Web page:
As a dog owner who uses positive training methods and has much interest in the world of dog behavior, I decided to list five things I personally believe you should have on hand when it comes to dog training. At the end of each recommendation, I'll put a link for you to get that item. You have to start somewhere, right?
1. Your Dog
This is a very, very, very obvious thing you'll need to train your dog: your dog! It's important that you know your dog's personality well before training your dog so you know what methods to use, but I'll get more into that in a later post.
(Um...if you need a dog, click here to visit Petfinder and locate a nearby rescue pup for you!)
Without the power of tiny bite-sized treats, Christmas wouldn't be the obedient, well-mannered, and attentive dog he is today. Not all dogs are motivated by treats, but it doesn't hurt to have some nearby during training sessions. At the end of the day, treats are what makes most dogs the attentive family members they are.
(Click here for some great treats to use during training!)
3. A Clicker
I have taught Chris some commands, tricks, and manners without a clicker, and it isn't a necessary thing to have while training, but it will surely speed up your training! If you're wondering what clicker training is, why it's effective, and how to use it, click here to read a previous article of mine.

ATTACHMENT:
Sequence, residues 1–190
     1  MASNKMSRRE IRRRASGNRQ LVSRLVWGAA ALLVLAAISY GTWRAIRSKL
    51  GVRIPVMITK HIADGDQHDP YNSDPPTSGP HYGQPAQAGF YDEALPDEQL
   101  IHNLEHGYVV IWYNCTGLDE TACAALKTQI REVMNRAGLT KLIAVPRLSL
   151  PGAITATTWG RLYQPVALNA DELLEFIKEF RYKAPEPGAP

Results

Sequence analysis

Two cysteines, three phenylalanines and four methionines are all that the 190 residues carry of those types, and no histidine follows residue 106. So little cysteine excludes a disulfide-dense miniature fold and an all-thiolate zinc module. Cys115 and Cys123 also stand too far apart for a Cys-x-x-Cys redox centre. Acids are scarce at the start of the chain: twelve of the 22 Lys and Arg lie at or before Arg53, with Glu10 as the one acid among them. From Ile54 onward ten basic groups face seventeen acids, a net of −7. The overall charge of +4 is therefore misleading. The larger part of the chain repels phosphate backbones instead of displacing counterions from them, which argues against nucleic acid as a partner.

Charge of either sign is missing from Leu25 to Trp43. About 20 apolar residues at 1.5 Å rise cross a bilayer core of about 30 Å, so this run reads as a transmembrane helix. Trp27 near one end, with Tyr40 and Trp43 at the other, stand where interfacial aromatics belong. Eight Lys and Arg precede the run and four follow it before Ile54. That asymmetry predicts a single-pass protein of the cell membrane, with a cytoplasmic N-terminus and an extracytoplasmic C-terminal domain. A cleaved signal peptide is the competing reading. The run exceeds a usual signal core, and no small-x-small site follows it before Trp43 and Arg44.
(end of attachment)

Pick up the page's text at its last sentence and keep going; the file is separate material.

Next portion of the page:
(Click here for the dog training clicker I use!)
4. A Leash
Even if you aren't training outdoors and even if your dog is very attentive to you during training, it doesn't hurt to snap a leash onto your pup's collar to control him better and lead him back to you if he tends to become distracted. Your dog might be more into the training if you put on his leash because he knows you're in control of him and there's nothing else to do! There's no harm in doing so!
(Click here for a great, simple leash!)
5. Your Dog's Toys
Assuming your dog has toys that he seems to enjoy, preferably not something like a bone, but a tug toy, ball, or stuffed toy, this could help your training! Even with healthy and bite-sized treats, your pup might have eaten too much in a training session and rewarding with brief play sessions will make a great substitute reward. Some dogs are more motivated by play by treats, so pulling out your dog's toys doesn't always have to be a last resort. It could be what saves your training for a mysterious pooch!
(Click here, here, and here for a few examples of toys to use for training!)
Well, I hope this post will help you prepare for future training sessions! What are some things you have on hand when training your dog?